Nurses are the first line of defense in the healthcare sector, patients’ advocates, and also a source of information on medical diagnosis and the course of care for relatives and the families of the sick. In some situations, decision-making requires principled considerations, and this requires nurses to know about delivering care in an ethical manner (Pozgar, 2019). This essay is an empirical review of the nurse’s experiences in the hospital, which identifies the common issues that nurses encounter and how they solve them, thus improves awareness of the ethical problems.
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Advanced technology in critically ill patients’ care promotes recovery, improves the quality of life, and extends their lifespan. However, as much as the developments bring benefits, they also raise ethical and moral issues such as respect for the patient’s autonomy, increased medical cost, end-of-life decisions, and quality care. Identification of the problems in the nursing practice is critical (Park, 2009). It is because nurses are mostly faced with struggling families and relatives’ problems in making some of these difficult situations. Their moral standards call for them to confront the virtuous matters that affect them.
The study reviewed the quantitative analyses of the hospital-based nurse’s experiences with the ethical dilemmas. It included primary research published in English between 1999 and 2007, where the search was done in MEDLINE, CINAHL databases, and the keywords used were nursing ethics, issue, and problem. The study was limited to hospital-based investigation in the United States. One article that collected data from the directors of nursing was included.
The analysis classified the ethical issues into three categories, human rights concerns, end-of-life decisions, and patient care matters. The moral scale had three classes that represented the mentioned three subjects. End-of-life decisions had 13 cases that involved death and the dying process. 14 out of the questions were about the kind of healthcare services these patients receive. The human rights category described the rights of the patients, family, nurse and they were five topics.
Results and Discussion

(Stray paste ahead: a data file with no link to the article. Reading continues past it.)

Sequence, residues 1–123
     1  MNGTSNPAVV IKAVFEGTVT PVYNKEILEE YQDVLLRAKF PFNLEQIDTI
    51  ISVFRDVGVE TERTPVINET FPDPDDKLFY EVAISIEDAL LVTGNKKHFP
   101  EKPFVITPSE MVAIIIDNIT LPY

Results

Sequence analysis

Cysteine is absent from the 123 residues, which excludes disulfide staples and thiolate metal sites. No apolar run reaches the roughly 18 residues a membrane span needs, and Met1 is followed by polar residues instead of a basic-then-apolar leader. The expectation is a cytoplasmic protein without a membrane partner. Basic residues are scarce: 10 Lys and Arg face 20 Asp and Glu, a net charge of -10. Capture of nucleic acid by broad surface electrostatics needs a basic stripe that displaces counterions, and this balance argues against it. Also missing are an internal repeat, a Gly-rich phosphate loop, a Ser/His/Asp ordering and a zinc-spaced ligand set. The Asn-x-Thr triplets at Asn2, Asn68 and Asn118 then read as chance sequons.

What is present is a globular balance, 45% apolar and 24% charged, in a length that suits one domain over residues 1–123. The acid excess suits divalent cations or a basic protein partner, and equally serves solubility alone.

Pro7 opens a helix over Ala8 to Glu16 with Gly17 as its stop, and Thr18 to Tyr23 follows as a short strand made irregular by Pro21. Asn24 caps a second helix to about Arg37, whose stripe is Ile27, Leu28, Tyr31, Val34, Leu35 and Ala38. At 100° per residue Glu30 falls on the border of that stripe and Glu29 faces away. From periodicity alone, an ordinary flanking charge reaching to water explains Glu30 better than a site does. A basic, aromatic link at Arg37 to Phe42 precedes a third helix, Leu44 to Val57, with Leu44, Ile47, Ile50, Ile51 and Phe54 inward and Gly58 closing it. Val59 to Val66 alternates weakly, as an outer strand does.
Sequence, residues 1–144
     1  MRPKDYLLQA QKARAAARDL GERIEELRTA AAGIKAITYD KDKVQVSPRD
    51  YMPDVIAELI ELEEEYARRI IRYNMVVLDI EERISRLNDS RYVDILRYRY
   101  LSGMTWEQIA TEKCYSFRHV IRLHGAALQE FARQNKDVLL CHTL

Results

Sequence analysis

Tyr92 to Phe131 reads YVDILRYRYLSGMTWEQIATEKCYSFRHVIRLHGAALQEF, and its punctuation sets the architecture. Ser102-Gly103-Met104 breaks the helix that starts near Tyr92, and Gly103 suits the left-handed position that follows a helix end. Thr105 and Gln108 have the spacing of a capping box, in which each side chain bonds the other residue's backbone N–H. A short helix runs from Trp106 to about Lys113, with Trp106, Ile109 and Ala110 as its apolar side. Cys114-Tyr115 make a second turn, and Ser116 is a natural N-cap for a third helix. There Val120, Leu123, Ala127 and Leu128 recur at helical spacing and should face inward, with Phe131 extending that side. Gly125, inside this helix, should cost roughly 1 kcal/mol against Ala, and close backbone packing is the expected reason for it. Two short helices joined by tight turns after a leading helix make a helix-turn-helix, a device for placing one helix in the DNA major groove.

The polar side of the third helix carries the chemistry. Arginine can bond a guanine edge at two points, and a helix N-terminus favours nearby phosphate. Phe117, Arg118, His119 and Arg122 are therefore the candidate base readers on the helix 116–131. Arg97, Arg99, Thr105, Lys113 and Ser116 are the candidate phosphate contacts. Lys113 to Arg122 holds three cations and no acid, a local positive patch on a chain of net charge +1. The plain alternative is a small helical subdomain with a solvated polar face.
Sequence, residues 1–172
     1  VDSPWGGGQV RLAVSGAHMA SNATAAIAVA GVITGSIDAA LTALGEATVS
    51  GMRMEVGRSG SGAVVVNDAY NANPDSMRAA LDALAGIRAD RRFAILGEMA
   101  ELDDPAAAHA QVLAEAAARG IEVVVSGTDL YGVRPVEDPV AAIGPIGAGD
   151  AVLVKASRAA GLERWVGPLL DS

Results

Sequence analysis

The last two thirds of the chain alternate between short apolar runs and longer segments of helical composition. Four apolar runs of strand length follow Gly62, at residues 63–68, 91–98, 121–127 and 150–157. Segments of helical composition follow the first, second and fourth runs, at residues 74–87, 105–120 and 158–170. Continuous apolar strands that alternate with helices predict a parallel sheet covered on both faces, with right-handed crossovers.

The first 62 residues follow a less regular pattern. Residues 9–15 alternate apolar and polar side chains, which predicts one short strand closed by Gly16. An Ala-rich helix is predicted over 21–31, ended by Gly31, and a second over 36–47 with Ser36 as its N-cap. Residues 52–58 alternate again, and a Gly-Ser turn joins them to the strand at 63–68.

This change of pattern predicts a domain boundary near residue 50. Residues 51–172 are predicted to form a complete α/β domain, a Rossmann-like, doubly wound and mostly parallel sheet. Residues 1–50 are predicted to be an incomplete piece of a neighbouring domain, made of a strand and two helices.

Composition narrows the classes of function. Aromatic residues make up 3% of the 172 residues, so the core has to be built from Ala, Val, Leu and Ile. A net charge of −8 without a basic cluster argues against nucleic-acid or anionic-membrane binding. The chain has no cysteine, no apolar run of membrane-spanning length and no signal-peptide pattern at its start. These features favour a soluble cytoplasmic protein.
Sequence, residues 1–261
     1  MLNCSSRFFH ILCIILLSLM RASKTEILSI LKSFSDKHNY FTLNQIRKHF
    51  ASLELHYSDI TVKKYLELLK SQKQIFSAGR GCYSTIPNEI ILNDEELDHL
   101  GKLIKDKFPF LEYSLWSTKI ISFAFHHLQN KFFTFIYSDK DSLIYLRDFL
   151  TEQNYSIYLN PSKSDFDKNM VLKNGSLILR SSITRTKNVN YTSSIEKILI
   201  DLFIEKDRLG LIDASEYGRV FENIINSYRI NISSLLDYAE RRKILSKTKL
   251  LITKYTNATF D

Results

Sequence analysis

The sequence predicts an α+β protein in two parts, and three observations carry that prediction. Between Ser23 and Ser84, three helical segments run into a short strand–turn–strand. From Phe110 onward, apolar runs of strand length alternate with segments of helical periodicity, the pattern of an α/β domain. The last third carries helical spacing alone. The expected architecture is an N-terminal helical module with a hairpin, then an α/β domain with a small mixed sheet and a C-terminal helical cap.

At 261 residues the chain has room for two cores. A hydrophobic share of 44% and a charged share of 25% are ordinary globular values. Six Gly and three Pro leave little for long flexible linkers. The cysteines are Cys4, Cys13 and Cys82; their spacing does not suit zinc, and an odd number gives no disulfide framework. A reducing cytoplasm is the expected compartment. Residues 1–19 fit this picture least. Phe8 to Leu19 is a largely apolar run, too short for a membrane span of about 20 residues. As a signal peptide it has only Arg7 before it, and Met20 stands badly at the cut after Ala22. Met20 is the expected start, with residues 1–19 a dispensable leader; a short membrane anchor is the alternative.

The study involved the top five ethical issues encountered by the nurses. The frequent concerns were patient care and human rights. The problematic issues were related to end-of-life decisions; the recurring matters included staffing patterns, giving care when the nurse is at risk, protecting human rights and dignity, allocating resources, and conflict between nurse doctor relationships. Their frequency was not of interest and therefore was not observed.
The challenging topics included prolonging the dying process, acting against own personal and impaired colleagues, staffing patterns, and abuse of children and the elderly. The caregivers also reported frequent issues with patient privacy and confidentiality (Park, 2009). The frequency of the problems differed depending on the specialty, and the finding indicated that more resources had to be allocated in high-frequency areas. Results showed that nurses used their values in dealing with concerns that were not as per their professional ethics.
Recommendations and Limitations
Qualified nurses should be taught about ethical education to avoid losing their moral values. Nursing education should develop an ethics program to teach the caregivers integrity and how to solve disputes. Moral values educators need to explain the ethics code to the nurses and the principles to act as a guide during the moral dilemma (Butts & Rich, 2016). The study did not include several specialties because they were not interested in frequency. There is a limitation of information in all other things except the operating room. Further research should be done regarding the frequency of the ethical issues in the hospital.
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The essay prompt identifies a primary area of legal and ethical implications faced by the oncology nurses in the study and strategies they have developed to meet the issues. Oncology nurses face problems such as lack of informed consent during the diagnostics and therapeutic procedures, an extension of life without quality concerns, and questionable professional practices (Park, 2009). The prevalence of ethical concerns provides details about the particular moral considerations that clinicians in professional practice endure. As a result, the knowledge can be used to raise awareness of the problems in clinical and educational settings.
Butts, J. P., & Rich, L. K. (2016). Nursing ethics: Across the curriculum and into practice (4th ed.). Jones & Bartlett Learning.
Park, M. (2009). Ethical issues in nursing practice. Journal of Nursing Law, 13(3), 68-77.
Pozgar, G. D. (2019). Legal and ethical issues for health professionals. Jones & Bartlett Learning.